Earlier this month I had the opportunity to travel to Kenya (if you follow @coffeereview on Twitter you already know that.) Although the purpose of the trip was to attend the African Fine Coffee Conference and Exposition in Mombasa, I was able to spend a few days exploring coffee farms and processing facilities north of Nairobi. Whenever I travel to coffee producing countries I am always struck by the depth of expertise of the people involved in the business of coffee at origin. Not to say that those of us in coffee consuming countries are ignorant of the coffee production process but the level of detail is often misunderstood or simplified in an effort to make sense of a complex, multilayered system.
This “coffee safari” consisted of visits to several farms varying in size from the small plots of the 1500 member Iria-ini Framers Cooperative to an estate owned and managed by Sasini Limited, a business that is publicly traded on the Nairobi Stock Exchange. Each facility maintained their own wet mill, often processing coffee cherries from surrounding area farms in addition to their own. Raised tables for drying parchment and natural cherry ruled the day, a powerful visual statement that quality is taken seriously in this region. No matter the size, these farms go about their daily business in much the same way — growing, harvesting and processing coffee — but, as any student of coffee knows, the production process is complicated, and when we drilled down to the details interesting differences in philosophy revealed themselves. What varieties should be planted, how should coffee tress be pruned, how and what kind of fertilizers and mulch should be applied, how long should fermentation last, should it be wet or dry and what about water use practices? Every action has a reaction and each one has the potential to yield a unique result in the cup.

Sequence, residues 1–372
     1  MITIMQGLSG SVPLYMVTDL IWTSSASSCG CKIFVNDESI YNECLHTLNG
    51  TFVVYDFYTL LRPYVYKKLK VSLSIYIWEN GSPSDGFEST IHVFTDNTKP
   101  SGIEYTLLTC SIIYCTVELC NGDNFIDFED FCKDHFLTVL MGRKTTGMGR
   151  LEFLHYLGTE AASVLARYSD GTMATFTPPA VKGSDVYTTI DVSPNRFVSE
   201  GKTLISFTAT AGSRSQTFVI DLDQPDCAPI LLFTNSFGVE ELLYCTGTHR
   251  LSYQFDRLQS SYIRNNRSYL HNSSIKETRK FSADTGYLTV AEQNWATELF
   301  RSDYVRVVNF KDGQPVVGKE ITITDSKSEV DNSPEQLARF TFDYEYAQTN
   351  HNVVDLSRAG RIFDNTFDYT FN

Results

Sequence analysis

On the final day of the trip we transitioned from the wet mills to the dry, in this case the Thika Coffee Mill. Most small and medium sized growers do not undertake the task dry milling at the farm level because of the investment required for the specialized machinery needed to clean the coffee, remove the parchment from the beans and sort by size, density and color. The Thika Mill serves as a vital link that moves coffee from farmers in the foothills of Mt. Kenya down the chain to roasters throughout the world.
Our last stop, another link in the chain, was the Nairobi Coffee Exchange. Now managed by the Kenya Coffee Producers’ and Traders’ Association, the exchange remains the primary means of trading coffee in Kenya. Every Tuesday the exchange auctions hundreds of lots of coffees from all over Kenya, with set reserve prices so the growers are assured a base price that is acceptable to them. The sample room is a sight to behold, bag after bag after bag of green coffee, marked with identifying names, lot numbers, grades and amounts available. Each dealer who participates in the auction is allowed a 250 gram sample of the coffees. They are provided about two weeks to evaluate the coffees, ship samples to potential customers and determine a ceiling price they are willing to pay.
Once I had made my way to the port town of Mombasa, I joined a group to visit the warehousing, grading and cupping facilities of exporters Rashid Moledina & Company. This third generation coffee export company takes the extra step of grading coffee after purchasing it from the exchange, in an effort to refine lots of coffee for their customers. Through this web of millers, dealers, marketing agents, exporters and shippers coffee is traded from grower to roaster. This part of the supply chain is perhaps most misunderstood but without the individuals and organizations involved in this process the right coffee might not ever find the right buyer.